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(INDIANAPOLIS STAR) -- They call it a designer vagina.

A little tightening here. A little plumping there.



Yes. We're talking plastic surgery - down there.



Blame it on erotic media. Blame it on the fragile egos of some men. Blame it on Brazilian waxes that uncover what things really look like. Blame it on a relentless pursuit of perfection.



But the number of women seeking surgery in their nether regions is growing - and so is controversy surrounding the practice.



After all, Grandma didn't even talk about that area. Mom just lived with it. But with the advent of the Internet, Playboy, pornography and pop culture ("Dr. 90210" featured the subject on a recent episode), women realized they had options.



"It's like anything else. Once people become aware something can be done, they want to do it," said Dr. Janet Turkle, with Turkle & Associates Plastic & Reconstructive Surgeons in Carmel, Ind. "It's not that their vagina is abnormal. It's just not what they would like it to be."



In reality, what most women have down there is normal. After childbirth and with age, the opening loosens as muscle tone diminishes. As the vagina matures, the labia (outer and inner lips) also change. The color of the whole package becomes darker, less pink.



There's something to fix all of those nuisances. And women are taking advantage.



The number of purely cosmetic operations for vaginal rejuvenation, as the umbrella of surgeries is known, has spiked in the past five years, according to the American Academy of Cosmetic Surgery.



There are nearly 60,000 of those surgeries performed annually in the U.S., the academy estimates. Ten years ago? The category was virtually nonexistent.



"I don't think it's absolute 100 percent mainstream, but it's something that has become more and more so," Turkle said.



Indianapolis even has its own Laser Vaginal Rejuvenation Institute. The doctor there, James Brillhart, runs ads in local women's publications that read: "There are some places that exercise just can't tighten."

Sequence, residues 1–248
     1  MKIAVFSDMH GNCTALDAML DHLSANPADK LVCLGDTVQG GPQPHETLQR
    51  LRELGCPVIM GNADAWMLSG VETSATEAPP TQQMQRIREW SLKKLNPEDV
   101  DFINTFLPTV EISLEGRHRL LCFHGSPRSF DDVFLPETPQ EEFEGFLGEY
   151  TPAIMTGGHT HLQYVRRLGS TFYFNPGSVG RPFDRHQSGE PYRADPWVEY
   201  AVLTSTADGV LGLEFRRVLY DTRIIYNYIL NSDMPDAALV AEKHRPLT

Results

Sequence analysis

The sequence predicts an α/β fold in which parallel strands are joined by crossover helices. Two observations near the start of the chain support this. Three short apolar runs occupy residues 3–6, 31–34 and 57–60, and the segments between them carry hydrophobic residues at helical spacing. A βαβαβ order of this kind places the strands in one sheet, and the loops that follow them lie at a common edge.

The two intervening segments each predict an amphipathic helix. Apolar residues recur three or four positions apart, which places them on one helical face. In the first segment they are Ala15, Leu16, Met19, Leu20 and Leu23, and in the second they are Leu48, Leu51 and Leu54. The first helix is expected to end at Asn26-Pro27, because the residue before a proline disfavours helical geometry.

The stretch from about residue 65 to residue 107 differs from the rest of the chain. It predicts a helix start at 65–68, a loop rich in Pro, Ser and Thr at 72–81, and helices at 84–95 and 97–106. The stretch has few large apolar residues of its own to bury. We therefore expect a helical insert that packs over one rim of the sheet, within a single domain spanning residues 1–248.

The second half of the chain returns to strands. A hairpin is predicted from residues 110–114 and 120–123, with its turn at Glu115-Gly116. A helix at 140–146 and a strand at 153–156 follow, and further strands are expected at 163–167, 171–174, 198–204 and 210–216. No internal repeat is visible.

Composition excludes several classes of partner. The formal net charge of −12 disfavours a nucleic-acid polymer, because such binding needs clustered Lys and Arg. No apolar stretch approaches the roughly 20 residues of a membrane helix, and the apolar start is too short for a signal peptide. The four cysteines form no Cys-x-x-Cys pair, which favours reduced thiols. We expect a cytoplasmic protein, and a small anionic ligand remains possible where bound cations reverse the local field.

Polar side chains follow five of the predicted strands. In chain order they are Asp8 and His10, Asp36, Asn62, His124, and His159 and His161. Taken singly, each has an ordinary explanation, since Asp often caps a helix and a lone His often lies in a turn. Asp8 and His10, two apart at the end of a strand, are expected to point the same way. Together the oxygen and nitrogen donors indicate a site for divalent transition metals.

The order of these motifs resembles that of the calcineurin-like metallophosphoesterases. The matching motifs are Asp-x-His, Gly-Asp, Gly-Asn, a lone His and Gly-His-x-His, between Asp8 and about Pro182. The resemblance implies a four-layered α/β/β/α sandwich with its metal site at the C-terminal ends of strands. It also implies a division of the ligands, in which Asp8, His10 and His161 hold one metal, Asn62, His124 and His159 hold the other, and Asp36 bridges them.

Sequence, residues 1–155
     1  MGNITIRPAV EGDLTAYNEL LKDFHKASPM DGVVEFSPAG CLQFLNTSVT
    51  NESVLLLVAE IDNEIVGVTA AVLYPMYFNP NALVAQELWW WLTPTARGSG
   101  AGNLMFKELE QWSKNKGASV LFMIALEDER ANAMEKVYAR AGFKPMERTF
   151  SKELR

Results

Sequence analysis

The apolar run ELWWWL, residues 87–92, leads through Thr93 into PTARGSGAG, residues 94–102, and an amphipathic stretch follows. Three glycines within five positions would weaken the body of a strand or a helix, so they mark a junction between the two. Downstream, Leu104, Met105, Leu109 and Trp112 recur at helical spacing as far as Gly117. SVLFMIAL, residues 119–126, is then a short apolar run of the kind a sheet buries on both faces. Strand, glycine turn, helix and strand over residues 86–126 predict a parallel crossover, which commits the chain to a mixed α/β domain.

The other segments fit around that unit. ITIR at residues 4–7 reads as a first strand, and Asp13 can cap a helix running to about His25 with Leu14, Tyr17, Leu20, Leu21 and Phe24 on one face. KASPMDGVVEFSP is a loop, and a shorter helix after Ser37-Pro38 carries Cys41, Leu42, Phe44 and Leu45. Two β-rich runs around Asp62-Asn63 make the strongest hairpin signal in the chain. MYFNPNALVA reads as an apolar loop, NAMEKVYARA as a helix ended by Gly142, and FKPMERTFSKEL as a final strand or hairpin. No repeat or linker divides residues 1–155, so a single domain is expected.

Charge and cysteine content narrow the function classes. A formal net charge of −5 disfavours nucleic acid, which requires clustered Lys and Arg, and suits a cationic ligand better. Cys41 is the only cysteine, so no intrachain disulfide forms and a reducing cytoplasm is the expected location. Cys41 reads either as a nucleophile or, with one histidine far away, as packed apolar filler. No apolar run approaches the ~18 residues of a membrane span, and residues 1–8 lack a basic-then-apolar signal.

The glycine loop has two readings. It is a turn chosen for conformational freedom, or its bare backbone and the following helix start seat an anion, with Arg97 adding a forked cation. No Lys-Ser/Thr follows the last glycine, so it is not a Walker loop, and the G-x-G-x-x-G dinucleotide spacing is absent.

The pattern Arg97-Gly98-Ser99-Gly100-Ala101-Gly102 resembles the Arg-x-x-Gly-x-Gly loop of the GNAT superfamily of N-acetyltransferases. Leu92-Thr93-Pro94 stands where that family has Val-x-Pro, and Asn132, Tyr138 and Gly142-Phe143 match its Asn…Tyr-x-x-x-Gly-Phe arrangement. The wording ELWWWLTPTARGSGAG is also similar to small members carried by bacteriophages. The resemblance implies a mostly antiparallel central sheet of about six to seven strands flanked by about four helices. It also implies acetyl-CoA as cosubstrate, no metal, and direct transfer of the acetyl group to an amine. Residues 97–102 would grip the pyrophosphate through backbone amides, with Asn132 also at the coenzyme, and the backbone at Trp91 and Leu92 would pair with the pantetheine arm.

Brillhart did not respond to requests for an interview.



Neither did Michelle Jones Singer, a Fishers, Ind., cosmetic surgeon, who wrote a blog called "Can Vaginoplasty Get Your Sexy Back?"



In it, she explains: "As we age, things become looser everywhere. We start to wrinkle as our facial tissues become looser; our breasts start to droop with age; our butts lose volume and become droopy and flat and, unfortunately, so does our vaginal area."



Later, she claims, "Sex is righter when you're tighter."



As with any major surgery, there are risks. In rare instances, complications can include permanent scarring, a loss of sensation or botched appearance.



Vaginoplasty is one of the more common surgeries in the realm of gynecosmetology.



In essence, it tightens the vagina by getting rid of excess lining and tightening the soft tissues and muscles. The surgery, which costs an average of $6,000, is a two-hour procedure without overnight stay.



While the patient often claims she is the one who wants the surgery, local surgeons say they've heard otherwise.



"The 'significant other' claims there is a problem with them," Turkle said. "Sometimes the problem is not with the patient but with the lack of endowment of the other person. People are fixing things that may not be broke."



There are instances, however, when women want vaginal surgery for their own comfort, said Kay Eigenbrod, a gynecologist with St. Vincent Medical Group.



That comes in the form of a labiaplasty. As women get older, the inner labia often protrude and the outer labia shrink, she said.



"The inner lips kind of dangle," Eigenbrod said.



The protrusion can be uncomfortable when riding a bike and even having sex. But more often than not, women say they don't like the way it looks in a bikini or yoga pants.



"It's often more cosmetic than functional," Eigenbrod said.



Cosmetic has become the way of the vagina.



It started with a nice shave. Then the Brazilian wax. Today, you can get vajazzled, a treatment where pretty beads are glued to the labia. There is a dye on the market called My New Pink Button, aimed at bringing the vagina back to its youthful color.



And there are vulvacials. Think a facial for the vagina.



Surgery was just the next logical step in a society where women are really sprucing up, said Alex Kuczynski, who writes for The New York Times and is the author of "Beauty Junkies."



She actually had one of those vagina facials. And wrote about it. She hasn't been back.



As for the latest vaginal surgery craze?



"It seems vaginal rejuvenation is so mainstream now one of the 'Real Housewives' put the cost of hers in in her recent divorce settlement," Kuczynski wrote in an email interview. "Yeesh."



It all prompts the question: Why do women feel the need?



"Female beauty standards are incredibly narrow and do not allow for the natural variation that exists among women," said Ann Savage, a professor at Butler University who studies gender, women and sexuality.



Pornography presents women with manufactured and unnatural features, yet they feel they must live up.



On the other hand, Savage can see it as an empowering choice for a woman if it is her choice.



"I find it less problematic," she said, "if a woman chooses to have surgery for her sexual pleasure."

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